If Marlinfreude isn't your thing, there are plenty of White Sox-related items of interest below.
But from my perspective, it's fascinating to watch the Miami Marlins unravel, because there is a lot to learn about the previous eight years by watching Ozzie Guillen's operation from the outside. It's the kind of perspective that's impossible when following a club every day. When you focus nearly all your attention on one team, and the administration is successful enough to be in place long enough to develop a culture, that becomes normal.
Obviously, Guillen and the White Sox were never truly normal for obvious reasons. But certain things certainly become accepted or expected. Think of all the developments that have taken place under the Robin Ventura-Kenny Williams administration, and how many of them couldn't have happened during the late years of Guillen's tenure. The organizational inaction was shrugged off or defended by people closer to the situation.
These Sox are establishing standards that are vastly different than Guillen's, and just about everybody around 35th and Shields is reaping the benefits. But that's only one side of the story. What we have in Miami is an incredible baseball lab experiment, taking a unique, divisive manager and transporting him from a supportive, loyal environment to one that is far less forgiving.
The results have been disastrous.
Marlins president David Samson talked to the media and attempted to sort out where it all went wrong, and the only conclusion is that everybody is up for performance reviews.
When asked about the performance of manager Ozzie Guillen, who is in the first year of a four-year contract, and the rest of the coaching staff, Samson said it would be up to Loria to evaluate those jobs.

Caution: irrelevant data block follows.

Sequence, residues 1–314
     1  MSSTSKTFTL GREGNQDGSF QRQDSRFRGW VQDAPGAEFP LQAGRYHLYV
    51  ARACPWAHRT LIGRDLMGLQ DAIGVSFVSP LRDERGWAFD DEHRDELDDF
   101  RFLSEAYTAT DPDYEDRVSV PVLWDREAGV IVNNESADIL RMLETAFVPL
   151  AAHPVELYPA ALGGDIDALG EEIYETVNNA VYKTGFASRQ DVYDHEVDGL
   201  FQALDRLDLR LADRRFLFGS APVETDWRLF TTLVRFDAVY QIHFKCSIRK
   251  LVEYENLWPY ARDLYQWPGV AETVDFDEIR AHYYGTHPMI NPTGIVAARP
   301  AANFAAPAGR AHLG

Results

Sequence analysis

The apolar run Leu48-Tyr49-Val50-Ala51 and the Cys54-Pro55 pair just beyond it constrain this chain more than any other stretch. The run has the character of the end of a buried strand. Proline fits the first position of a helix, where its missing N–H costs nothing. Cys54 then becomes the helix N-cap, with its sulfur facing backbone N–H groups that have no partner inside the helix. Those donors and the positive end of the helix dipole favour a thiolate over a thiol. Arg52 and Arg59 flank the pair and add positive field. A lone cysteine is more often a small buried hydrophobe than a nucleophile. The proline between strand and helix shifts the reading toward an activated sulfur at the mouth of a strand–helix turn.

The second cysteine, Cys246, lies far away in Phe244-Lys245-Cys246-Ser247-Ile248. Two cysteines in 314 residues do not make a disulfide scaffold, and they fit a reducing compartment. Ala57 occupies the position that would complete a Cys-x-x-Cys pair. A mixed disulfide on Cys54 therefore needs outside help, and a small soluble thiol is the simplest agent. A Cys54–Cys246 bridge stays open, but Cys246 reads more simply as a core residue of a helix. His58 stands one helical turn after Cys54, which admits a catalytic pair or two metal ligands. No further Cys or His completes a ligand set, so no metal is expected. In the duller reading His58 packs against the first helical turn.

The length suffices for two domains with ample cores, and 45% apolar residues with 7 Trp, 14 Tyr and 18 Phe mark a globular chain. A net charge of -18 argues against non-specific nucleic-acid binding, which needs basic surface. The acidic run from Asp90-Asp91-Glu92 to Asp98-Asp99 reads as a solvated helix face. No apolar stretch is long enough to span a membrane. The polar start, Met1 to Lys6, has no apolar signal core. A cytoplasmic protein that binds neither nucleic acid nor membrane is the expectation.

"We gave them the players and they have used them in the exact way we envisioned them being used,’’ Samson said of the coaching staff. "Will changes be made? I don’t have an answer for that. That’s something Jeffrey will address because that’s his purview."
After a year where Jerry Reinsdorf gave all underperforming parties the right to terminate their own employment (except for Kenny Williams, that is), the Marlins are letting Guillen dangle a little. Granted, he has a safety net in the form of four-year contract, but that's still a major contrast from his time in Chicago, when questions about his future arose only because Guillen kept asking.
(I fondly remember Joe Cowley's column setting up the Miami opener in April, where he scoffed at Jerry Reinsdorf for making an off-hand comment about Guillen's tendency to throw players under the bus. "Some father figure," Cowley sneered. One indirect comment months after Guillen steered Reinsdorf's high-priced enterprise to a losing record is all it took.)
OK, so there are the midseason autopsies. But it looks the same even when assessing the day-to-day operations. Take Guillen's criticism of Mike Dunn after a costly error on Saturday, where he called out Dunn for botching a play that pitchers practice all the time in spring training. But then that brings to mind the early-season long-form pieces on the Miami experiment, which documented Guillen making no effort to even pretend to care about spring training practices, calling drills "eyewash" and spending most of the time in his office on his iPad.